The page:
But sure, if you were a Libertarian, you'd scoff at the abolitionists who spent time travelling from village to village convincing small numbers of individuals that slavery was immoral -- instead of campaigning to end slavery at once....

Grant said...


I'm not sure how to respond to that. I suppose I'll just explain it literally. That's the most emotionally charged of any of your posts or comments I've ever read. That's sad because I'm a fan of your blog. I considered that because my comments SEEMED to conflate Objectivists and Libertarians it might set off that button, but I gave you the benefit of the doubt and I figured you would remember that I was speaking in very general terms about one particular aspect. Is it not true that Libertarians carry the same political message and have the same political goals as Objectivists? Saying something positive about the LP is not the same as saying something negative about the ARI. Talk about making a mountain out of a mole hill.

I fully agree with your distinction between the two, but I fail to see how making the distinction in this context (our discussion) is of any value. That you went further and attempted to present this distinction as if it had some substantive value in a discussion of teleology or tactics is even more disturbing. That's such a predictable, lap dog response and serves to accomplish nothing except to distract from the topic of discussion. I expected more of you. Please forgive the insults, I just don't like it being implied that I'm a Libertarian.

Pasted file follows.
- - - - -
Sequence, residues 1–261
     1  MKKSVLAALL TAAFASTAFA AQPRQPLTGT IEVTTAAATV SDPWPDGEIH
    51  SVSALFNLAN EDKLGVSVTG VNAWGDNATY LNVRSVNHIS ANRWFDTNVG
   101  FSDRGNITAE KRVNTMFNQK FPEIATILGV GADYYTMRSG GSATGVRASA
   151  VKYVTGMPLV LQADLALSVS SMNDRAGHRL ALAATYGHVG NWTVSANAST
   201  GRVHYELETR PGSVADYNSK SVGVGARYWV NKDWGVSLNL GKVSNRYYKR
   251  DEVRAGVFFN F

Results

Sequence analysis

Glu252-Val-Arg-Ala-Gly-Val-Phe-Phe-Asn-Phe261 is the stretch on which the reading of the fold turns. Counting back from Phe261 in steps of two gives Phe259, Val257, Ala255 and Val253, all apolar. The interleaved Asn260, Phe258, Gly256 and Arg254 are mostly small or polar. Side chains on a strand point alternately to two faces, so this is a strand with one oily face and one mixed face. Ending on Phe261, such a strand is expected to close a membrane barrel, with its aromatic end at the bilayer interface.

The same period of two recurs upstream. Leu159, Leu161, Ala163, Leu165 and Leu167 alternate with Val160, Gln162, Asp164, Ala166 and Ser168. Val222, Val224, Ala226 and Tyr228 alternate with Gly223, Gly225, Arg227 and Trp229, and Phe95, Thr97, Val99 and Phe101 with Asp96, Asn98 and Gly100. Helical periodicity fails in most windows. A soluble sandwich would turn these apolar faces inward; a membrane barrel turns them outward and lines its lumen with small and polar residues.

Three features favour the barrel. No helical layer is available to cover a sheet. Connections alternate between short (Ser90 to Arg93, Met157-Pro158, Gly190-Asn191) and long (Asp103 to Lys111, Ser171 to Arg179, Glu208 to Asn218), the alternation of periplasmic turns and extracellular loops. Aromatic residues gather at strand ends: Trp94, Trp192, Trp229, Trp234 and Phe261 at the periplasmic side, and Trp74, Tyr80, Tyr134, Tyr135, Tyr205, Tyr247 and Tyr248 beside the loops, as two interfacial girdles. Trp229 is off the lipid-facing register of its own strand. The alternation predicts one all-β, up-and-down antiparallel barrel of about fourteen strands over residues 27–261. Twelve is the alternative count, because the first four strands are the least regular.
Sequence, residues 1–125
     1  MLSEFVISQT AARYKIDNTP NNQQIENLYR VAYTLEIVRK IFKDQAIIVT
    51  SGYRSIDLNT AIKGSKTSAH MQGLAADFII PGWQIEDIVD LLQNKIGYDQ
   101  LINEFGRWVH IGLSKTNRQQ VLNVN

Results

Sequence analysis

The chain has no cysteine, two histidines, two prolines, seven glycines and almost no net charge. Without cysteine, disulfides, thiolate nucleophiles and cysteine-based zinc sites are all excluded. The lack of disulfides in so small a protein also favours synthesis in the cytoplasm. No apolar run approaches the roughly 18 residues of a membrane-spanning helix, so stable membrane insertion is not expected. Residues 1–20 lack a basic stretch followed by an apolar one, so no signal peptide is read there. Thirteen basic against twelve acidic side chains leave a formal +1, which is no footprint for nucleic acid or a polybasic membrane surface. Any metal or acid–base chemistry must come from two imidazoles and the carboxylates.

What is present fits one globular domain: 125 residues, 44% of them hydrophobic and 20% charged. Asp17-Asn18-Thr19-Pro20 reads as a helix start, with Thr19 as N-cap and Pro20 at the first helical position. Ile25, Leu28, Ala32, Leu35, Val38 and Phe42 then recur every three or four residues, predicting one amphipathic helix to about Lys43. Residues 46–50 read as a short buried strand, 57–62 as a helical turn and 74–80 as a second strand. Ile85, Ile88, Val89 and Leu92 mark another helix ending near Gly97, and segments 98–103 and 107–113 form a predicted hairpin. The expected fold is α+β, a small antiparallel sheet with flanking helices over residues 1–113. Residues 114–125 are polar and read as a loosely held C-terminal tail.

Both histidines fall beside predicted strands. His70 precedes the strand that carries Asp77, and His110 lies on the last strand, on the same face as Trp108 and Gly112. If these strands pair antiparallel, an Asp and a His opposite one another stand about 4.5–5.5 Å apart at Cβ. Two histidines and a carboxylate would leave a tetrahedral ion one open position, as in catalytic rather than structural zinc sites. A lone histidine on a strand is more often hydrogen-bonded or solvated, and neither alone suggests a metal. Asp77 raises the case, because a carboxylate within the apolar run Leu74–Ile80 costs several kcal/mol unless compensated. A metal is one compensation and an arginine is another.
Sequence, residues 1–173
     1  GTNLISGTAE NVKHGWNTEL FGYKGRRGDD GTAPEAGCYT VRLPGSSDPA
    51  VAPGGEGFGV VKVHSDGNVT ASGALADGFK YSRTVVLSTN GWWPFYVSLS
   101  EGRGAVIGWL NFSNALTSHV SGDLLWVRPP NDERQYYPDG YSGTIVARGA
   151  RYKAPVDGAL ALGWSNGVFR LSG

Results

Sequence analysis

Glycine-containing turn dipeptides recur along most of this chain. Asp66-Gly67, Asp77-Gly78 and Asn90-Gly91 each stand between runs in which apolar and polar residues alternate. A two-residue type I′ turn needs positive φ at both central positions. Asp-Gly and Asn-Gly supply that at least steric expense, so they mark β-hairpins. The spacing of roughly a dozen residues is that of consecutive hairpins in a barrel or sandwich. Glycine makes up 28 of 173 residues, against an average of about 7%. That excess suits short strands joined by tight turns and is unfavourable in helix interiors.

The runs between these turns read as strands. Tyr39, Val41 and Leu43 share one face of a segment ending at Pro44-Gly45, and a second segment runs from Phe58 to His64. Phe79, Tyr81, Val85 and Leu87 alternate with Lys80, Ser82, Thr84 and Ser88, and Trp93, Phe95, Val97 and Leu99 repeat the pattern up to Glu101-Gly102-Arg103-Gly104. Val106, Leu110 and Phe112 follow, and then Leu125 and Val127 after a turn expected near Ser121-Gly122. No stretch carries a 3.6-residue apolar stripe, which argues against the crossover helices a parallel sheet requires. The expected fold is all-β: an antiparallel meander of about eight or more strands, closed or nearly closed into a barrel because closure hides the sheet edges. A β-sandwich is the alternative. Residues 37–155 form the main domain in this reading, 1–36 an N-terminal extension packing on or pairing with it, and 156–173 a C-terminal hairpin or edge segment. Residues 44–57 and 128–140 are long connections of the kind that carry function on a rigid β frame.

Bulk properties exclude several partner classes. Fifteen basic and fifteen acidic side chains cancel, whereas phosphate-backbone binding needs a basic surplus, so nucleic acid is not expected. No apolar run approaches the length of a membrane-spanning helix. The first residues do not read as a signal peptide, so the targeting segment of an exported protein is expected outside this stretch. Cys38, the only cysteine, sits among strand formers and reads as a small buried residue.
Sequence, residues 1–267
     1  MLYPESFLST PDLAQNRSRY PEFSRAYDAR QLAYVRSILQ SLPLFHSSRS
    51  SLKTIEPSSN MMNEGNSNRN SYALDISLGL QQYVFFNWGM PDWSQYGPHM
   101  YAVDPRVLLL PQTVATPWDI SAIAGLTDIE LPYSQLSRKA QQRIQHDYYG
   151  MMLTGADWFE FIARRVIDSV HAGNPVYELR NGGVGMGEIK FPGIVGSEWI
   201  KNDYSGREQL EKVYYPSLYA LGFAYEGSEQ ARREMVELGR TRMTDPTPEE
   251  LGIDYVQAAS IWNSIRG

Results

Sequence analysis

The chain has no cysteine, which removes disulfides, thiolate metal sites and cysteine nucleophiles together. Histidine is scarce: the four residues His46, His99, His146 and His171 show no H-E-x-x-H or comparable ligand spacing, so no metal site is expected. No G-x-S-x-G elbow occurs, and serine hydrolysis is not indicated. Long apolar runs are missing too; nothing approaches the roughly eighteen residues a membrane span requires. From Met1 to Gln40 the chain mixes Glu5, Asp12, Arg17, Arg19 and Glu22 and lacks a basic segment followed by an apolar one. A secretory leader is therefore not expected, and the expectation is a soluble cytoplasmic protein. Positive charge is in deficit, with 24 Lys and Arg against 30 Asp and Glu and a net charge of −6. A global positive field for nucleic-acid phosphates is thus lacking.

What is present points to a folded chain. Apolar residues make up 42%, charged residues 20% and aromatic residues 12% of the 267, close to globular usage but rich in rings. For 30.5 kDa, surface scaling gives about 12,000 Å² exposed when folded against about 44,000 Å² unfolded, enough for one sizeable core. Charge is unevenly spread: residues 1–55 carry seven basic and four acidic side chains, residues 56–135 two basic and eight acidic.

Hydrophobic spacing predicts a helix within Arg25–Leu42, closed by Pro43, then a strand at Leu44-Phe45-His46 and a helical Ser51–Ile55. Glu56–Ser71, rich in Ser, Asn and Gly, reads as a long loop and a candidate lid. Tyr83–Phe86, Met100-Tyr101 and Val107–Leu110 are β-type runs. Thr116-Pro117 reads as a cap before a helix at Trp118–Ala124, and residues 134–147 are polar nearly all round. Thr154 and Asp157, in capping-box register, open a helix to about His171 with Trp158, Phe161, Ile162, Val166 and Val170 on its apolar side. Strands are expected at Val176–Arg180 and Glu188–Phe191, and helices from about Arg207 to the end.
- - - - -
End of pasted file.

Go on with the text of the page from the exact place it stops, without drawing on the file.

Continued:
Now, having said that, I will address the points you make. Firstly, it is very true that the Libertarians are mistaken to believe that political change can come without cultural change. But I, or anyone else who is advocating (wait, more accurately: merely open to the possibility of) striking is not interested in political change. To treat John Galt's strike as if it was merely a political move, that it's aim was simply to replace the particular individuals who were ruining the country and not to teach the population a grave moral lesson, is a great injustice to the depth of Ayn Rand's intellect. No, not towards her identification of the philosophical/moral principle or "either-or", but towards her intellect as a person considering the environment in which she was living. Keep in mind that that environment was far better than todays and she still toyed with the issue. I don't believe it was just a literally device. She herself, in a sense, "shrugged" from the Soviet Union. Do you think that she would advocate immigrating from that country to this one today or sticking around to fight merely because they have a free press now? It won't matter in a few decades because the two countries will be virtually identical.